Pegaptanib May Improve Diabetic Retinopathy

The phase 3 clinical trial will focus on longer treatment duration
to further test the drug’s efficacy.


Pegaptanib sodium injection (Macugen; OSI/Eyetech Pharmaceuticals, Melville, NY and Pfizer, New York, NY) — at a dosing of 0.3 mg, 1 mg or 3 mg — appears to improve diabetic retinopathy severity in patients with diabetic macular edema (DME). Pegaptanib is a pegylated antivascular endothelial growth factor (anti-VEGF) and is only Food and Drug Administration approved for the treatment of neovascular age-related macular degeneration (wet AMD). Researchers for current and past clinical trials, however, have shown that the treatment may have an indication for diabetic retinopathy.

“[Study] findings support a role of VEGF165 in the progression of diabetic retinopathy and that blockade of VEGF resulted in a greater proportion of patients who improved in their level of diabetic retinopathy at the primary endpoint,” said Michael M. Altaweel, MD, FRCS(C), during the Association for Research in Vision and Ophthalmology 2006 Annual Meeting in Ft. Lauderdale, Fla. “Adding VEGF blockade may be a good adjunct to our current standard of therapy.” Dr. Altaweel is associate professor, department of ophthalmology and visual sciences, University of Wisconsin Clinical Science Center.

Reporting results for the Macugen Diabetic Retinopathy Study Group, Dr. Altaweel said that pegaptanib addresses two major hallmarks associated with diabetic retinopathy, (1) the increasing permeability of blood vessels that may cause DME and (2) progression of diabetic retinopathy to neovascularization. Researchers performed a prospective masked analysis of 172 patients from 39 centers and assessed visual acuity, optical coherence topography, fluorescein angiography and fundus photographs; improvement of diabetic retinopathy features (eg, hemorrhages, microaneurysms, venous beading, retinal neovascularization and intraretinal microvascular abnormalities) were also noted. Patients had DME involved in the center (ie, center point thickness of ≥250 µm) and best visual acuity between 68 and 25 letters (20/50 to 20/320). Prior panretinal photocoagulation was allowed, if performed more than 6 months prior to enrollment. The phase 2 study lasted 82 weeks, and treatment was completed at week 30.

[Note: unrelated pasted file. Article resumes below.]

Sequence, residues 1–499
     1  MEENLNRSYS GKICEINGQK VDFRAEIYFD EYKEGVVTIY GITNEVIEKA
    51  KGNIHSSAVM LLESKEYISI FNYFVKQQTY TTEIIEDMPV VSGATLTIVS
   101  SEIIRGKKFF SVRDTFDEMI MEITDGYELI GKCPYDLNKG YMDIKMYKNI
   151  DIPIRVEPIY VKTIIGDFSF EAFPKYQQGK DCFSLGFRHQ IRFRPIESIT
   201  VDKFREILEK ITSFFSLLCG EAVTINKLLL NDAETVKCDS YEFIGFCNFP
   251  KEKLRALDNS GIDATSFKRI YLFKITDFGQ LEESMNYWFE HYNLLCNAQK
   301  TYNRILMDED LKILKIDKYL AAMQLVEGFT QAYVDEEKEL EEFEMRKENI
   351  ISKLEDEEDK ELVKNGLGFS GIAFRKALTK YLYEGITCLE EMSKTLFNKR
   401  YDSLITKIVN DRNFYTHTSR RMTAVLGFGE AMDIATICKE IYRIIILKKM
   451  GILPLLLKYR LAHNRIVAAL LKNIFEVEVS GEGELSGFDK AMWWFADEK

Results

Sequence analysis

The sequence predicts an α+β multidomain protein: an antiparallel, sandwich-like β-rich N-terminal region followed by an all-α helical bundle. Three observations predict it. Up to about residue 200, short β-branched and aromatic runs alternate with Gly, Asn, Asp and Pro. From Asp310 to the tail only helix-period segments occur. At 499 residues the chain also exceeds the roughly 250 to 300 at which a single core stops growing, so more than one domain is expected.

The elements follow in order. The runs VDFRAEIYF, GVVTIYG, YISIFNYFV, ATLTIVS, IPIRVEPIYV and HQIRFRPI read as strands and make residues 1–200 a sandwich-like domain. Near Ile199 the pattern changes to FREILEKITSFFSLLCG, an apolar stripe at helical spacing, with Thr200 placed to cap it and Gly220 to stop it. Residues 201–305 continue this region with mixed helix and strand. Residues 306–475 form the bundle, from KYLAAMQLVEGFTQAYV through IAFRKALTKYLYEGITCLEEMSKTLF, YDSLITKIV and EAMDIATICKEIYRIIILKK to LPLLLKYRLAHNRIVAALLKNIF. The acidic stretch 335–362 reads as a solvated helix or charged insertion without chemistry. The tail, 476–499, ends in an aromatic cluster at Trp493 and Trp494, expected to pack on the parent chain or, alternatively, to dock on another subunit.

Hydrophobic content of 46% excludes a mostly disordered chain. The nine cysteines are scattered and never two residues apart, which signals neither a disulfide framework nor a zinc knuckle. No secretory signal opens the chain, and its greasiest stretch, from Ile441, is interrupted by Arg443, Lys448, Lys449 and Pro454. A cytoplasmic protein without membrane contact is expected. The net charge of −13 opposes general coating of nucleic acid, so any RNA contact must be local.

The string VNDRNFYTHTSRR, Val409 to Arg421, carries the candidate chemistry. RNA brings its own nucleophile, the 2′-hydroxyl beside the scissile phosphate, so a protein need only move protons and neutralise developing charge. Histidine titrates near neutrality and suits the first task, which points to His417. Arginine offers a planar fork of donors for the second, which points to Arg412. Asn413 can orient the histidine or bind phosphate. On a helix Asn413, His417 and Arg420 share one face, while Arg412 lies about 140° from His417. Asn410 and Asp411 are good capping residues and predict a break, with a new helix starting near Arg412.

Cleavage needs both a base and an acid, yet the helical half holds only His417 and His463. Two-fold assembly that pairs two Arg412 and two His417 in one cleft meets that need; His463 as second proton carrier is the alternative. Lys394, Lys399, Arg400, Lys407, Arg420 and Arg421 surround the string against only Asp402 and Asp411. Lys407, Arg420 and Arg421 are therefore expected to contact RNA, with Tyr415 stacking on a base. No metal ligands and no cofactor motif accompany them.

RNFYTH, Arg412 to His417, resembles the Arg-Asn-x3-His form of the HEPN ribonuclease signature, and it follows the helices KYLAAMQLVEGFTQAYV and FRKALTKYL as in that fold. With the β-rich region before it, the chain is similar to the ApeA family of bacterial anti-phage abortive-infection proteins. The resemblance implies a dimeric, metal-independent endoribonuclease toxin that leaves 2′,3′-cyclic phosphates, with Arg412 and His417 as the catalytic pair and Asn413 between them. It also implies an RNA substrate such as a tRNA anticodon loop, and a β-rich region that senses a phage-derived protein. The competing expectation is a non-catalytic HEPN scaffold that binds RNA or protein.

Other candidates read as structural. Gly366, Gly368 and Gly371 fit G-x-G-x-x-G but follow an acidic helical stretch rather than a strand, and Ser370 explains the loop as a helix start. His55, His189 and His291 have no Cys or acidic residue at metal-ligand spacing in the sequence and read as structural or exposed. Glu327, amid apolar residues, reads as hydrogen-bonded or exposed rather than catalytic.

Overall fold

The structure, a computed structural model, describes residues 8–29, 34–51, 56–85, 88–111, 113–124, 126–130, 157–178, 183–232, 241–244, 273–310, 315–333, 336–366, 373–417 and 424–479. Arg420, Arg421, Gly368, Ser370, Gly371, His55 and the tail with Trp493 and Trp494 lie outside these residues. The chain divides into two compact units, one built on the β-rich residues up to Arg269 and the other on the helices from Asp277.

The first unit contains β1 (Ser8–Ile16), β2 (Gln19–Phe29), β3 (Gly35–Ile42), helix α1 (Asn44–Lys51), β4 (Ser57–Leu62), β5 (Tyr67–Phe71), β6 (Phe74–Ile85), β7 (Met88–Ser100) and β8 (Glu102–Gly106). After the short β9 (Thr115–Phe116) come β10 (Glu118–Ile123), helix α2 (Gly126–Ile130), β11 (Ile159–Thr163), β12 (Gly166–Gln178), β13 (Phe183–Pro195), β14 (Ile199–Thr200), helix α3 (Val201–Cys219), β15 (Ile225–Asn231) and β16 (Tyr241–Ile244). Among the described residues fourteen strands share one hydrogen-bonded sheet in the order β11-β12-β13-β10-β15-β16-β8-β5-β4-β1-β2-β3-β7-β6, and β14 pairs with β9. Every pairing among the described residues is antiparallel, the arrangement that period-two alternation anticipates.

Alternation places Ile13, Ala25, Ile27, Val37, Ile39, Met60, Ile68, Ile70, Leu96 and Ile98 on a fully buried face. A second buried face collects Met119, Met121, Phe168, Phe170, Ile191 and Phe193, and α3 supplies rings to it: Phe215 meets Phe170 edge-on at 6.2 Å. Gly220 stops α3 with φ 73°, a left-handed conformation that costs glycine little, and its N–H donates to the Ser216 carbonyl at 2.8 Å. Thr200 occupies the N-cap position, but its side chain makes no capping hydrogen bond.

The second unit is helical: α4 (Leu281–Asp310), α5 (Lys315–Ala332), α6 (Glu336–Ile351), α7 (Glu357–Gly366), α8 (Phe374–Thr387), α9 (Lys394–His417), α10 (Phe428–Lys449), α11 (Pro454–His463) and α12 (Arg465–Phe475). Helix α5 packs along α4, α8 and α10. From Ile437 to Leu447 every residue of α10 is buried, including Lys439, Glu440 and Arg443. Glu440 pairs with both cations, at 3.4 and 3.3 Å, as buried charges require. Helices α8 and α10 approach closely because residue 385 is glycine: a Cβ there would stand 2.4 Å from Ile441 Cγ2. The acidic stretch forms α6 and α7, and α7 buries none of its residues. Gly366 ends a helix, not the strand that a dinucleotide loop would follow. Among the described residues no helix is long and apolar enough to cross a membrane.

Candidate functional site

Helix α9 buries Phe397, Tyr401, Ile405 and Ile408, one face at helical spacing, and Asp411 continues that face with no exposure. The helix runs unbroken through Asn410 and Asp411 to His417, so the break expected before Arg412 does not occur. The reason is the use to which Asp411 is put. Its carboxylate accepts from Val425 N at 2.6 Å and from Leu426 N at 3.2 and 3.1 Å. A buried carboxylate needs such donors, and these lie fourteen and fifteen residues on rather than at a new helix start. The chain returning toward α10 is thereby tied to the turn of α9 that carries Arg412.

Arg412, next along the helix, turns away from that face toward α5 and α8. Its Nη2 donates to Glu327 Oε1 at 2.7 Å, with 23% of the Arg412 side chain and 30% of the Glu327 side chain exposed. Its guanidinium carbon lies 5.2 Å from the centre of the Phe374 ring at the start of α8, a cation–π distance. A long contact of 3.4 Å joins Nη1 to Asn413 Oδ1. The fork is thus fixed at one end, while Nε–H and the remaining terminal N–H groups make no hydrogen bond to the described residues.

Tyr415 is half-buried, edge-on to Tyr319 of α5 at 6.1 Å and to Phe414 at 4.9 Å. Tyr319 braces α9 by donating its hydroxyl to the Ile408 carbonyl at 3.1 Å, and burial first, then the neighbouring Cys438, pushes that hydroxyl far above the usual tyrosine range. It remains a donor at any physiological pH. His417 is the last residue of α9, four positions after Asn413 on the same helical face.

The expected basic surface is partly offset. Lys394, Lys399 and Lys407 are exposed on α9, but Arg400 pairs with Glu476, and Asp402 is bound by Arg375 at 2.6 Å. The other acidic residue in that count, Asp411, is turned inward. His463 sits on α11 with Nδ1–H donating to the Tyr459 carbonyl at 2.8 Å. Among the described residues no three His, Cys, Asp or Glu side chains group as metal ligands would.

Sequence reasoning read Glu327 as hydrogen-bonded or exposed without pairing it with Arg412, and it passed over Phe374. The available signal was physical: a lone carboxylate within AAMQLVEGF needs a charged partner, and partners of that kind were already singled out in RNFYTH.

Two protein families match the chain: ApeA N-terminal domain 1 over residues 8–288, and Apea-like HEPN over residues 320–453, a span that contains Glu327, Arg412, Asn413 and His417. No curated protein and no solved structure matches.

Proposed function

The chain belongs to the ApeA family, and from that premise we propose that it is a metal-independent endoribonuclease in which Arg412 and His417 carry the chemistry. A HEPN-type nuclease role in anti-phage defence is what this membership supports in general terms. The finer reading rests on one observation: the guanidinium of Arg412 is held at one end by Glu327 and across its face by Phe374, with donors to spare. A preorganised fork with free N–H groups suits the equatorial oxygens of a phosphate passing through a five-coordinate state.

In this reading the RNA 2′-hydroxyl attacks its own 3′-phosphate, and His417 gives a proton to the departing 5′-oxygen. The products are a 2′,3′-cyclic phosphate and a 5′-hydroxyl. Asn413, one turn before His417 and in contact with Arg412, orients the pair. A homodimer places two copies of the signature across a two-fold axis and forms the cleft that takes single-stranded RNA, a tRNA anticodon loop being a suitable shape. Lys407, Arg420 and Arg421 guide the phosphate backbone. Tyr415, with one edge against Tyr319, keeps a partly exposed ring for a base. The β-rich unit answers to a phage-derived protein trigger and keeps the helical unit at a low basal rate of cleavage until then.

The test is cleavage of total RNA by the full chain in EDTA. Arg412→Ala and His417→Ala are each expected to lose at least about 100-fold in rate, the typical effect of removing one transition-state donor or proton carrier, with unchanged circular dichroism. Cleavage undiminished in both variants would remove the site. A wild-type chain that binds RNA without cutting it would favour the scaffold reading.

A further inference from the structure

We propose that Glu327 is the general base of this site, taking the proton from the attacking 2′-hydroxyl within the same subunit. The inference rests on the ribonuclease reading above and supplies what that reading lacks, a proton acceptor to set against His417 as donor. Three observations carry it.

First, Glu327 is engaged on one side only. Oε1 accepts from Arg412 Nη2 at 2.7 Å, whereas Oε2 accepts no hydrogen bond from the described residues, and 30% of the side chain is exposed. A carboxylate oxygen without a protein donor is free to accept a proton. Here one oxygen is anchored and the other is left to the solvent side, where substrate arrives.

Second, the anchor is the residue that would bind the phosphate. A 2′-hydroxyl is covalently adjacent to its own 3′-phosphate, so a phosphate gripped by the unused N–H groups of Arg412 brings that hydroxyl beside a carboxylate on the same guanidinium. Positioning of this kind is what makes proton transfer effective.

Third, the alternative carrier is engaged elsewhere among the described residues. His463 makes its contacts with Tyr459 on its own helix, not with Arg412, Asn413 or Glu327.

All patients were randomized to receive pegaptanib (0.3-mg, 1-mg or 3-mg dosing) or placebo, and injections were given at baseline and weeks 6 and 12. Additionally, patients could have up to three more injections and/or focal photocoagulation in the following 18 weeks.

Regardless of dosage, 41% of pegaptanib-treated patients compared with 16% of sham-treated patients had a one- or two-step improvement in the severity level of diabetic retinopathy at 36 weeks, which was the primary endpoint (Figures 1 and 2). When broken down by dosage, 51% of patients who received 1-mg pegaptanib and 38% of patients who received the 0.3-mg dose showed this improvement. “No matter which treatment group you look at — if you look at one-step improvement or more — we see that there is a significant difference between the [placebo] group,” Dr. Altaweel said. “These findings are mirrored somewhat with improvement of two steps.”

Of the patients who received pegaptanib, 13% improved by two or more steps versus 3% in the placebo-treated group. No pegaptanib-treated patients worsened by two or more steps on the diabetic retinopathy scale; however, 3% of placebo-treated patients worsened by two or more steps. Thirteen percent of patients who received the 0.3- mg dosing experienced a worsening of diabetic retinopathy versus 35% of fellow eyes.

After pegaptanib injections were withdrawn, researchers noted that the differences between the treatment and placebo groups found at 36 weeks disappeared at 54 weeks and 82 weeks. “This, is [because] you may have withdrawn the effect of Macugen and that the result [from the treatment] was not permanent,” Dr. Altaweel said.

At the 2005 ARVO meeting, Lawrence J. Singerman, MD, presented results from an exploratory phase 2 trial and reported that pegaptanib improved or stabilized vision in patients with DME.2 Dr. Singerman reported that a statistically significant number of patients treated with pegaptanib experienced zero or more, one or more or two or more lines of vision gained compared with patients treated with placebo. This trend continued for three or more lines gained. Other results showed that the treatment also improved visual acuity, decreased central macular retinal thickness and did not seem to cause cataracts and/or increase intraocular pressure.

A 3-year phase 3 clinical trial will further assess the effects of pegaptanib on patients with DME. Treatment duration will increase, and dosage is likely to decrease, Dr. Altaweel said, adding that it has been noted that the lower dose has been more effective than the higher doses in previous trials. “The explanation … is perhaps that [pegaptanib] has reached its maximum threshold at the lower doses. You will see in the new clinical trials — for instance this next diabetic retinopathy phase 3 trial — will actually explore doses that are 1/10th and 1/100th of the 0.3 mg dose.”

Michael M. Altaweel, MD, FRCS(C), is associate professor, department of ophthalmology and visual sciences, University of Wisconsin Clinical Science Center. Dr. Altaweel discloses that he is a private investigator and consultant for Eyetech. He may be reached at mmaltaweel@wisc.edu.

1. Altaweel MM. Changes in severity of diabetic retinopathy following pegaptanib (Macugen) therapy. Presented at the Association for Research in Vision and Ophthalmology 2006 Annual Meeting. April 29 to May 4, 2006. Ft. Lauderdale, Fla.
2. Suarez L. Macugen Improved vision, reduced macular thickness. Diabetic Microvascular Complications Today. 2005;2:32-33.
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